Learning a language

Published: 2019-06-04 15:35:32
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Learning a language can come with many challenges and difficulties, especially where one is learning a language as their second language. This has been the trend in many societies as non-English speaking peoples struggle with the learning of a new language. However, it is important to note that the English language is made of many parts of the language for example grammar, syntax, pronunciation and many more phenomena found in the languages. As a result, it may be quite challenging to learn all the aspects of language foreign to one all at the first instance. This part of the paper is the theoretical analysis explaining why there are challenges in acquiring language skills. We look at different theories of learning and their application in the use of the English language as a second language to learners.

Linguistics has the area of language acquisition as well as development, which is the area of concern for this particular paper. Research has widely been done on the acquisition of a second language and its challenges as well as the phenomenon of becoming a bilingual speaker. The first main theory of examination, in this case, will be Krashens theory, which expounds on the principles of second language acquisition skills. His work has been widely accepted in the linguistics world and is a leading resource in this area.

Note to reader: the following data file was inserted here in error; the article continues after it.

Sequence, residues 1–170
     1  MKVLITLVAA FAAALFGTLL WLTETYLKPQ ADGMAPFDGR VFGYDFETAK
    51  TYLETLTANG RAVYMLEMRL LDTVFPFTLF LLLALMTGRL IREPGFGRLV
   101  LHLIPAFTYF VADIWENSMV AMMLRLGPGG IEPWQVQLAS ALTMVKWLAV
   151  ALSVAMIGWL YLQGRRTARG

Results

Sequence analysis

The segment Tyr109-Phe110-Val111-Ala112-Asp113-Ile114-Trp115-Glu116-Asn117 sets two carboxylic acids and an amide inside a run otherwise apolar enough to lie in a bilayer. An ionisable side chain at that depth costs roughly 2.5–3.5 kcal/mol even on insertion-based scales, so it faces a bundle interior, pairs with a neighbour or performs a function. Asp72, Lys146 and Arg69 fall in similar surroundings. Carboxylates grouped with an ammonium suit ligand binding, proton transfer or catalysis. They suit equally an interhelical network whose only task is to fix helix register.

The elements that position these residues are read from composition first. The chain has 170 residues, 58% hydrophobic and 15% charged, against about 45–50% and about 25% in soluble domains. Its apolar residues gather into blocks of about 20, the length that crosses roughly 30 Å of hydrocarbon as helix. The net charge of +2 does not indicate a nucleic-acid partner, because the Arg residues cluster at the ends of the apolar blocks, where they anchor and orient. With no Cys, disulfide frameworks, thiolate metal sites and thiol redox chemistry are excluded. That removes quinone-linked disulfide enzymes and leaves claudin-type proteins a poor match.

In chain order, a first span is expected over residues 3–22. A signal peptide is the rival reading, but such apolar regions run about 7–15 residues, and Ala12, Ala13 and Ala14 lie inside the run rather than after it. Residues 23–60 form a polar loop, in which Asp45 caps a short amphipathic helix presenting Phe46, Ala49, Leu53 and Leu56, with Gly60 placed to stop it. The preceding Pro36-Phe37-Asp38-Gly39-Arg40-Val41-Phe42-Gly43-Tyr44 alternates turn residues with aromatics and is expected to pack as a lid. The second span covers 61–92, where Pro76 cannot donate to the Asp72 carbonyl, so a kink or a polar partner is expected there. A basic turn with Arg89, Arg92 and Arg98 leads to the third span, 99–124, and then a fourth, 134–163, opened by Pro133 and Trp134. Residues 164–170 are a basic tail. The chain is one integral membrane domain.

Krashens theory

This theory is based on five main hypothesis upon which we are going to base the first of our arguments concerning the occurrence of grammatical errors in the expression of persons which is less likely to become the case in the written form. The first of these hypotheses is the acquisition stage. According to Krashen, this is the most important phase of the language learning process, where the speaker first encounters the language. This process is quite similar to the one that children undergo during the assumption of their first language, where the person has to open up their mind to acquire the basic expressions of the language in question. This stage requires a natural communication with the language and speakers of the language. The focus of this stage is to ensure that communication is achieved rather than focus on the subject of the communication (Brown, 1987). Under this hypothesis, there is also the learned system, where the student has a formal instructor for the purposes of learning the language. This process becomes a conscious process of learning where the learner becomes aware of the rules of the language. Krashen sees this process as less important than the acquisition process (Halliday, 1993). Research has gone further to prove this fact and assert that despite the educational side of the language learning process, the acquisition skill becomes paramount in ensuring that learners (children in this case) can derive the formation of the language from simple verbal expressions and observations.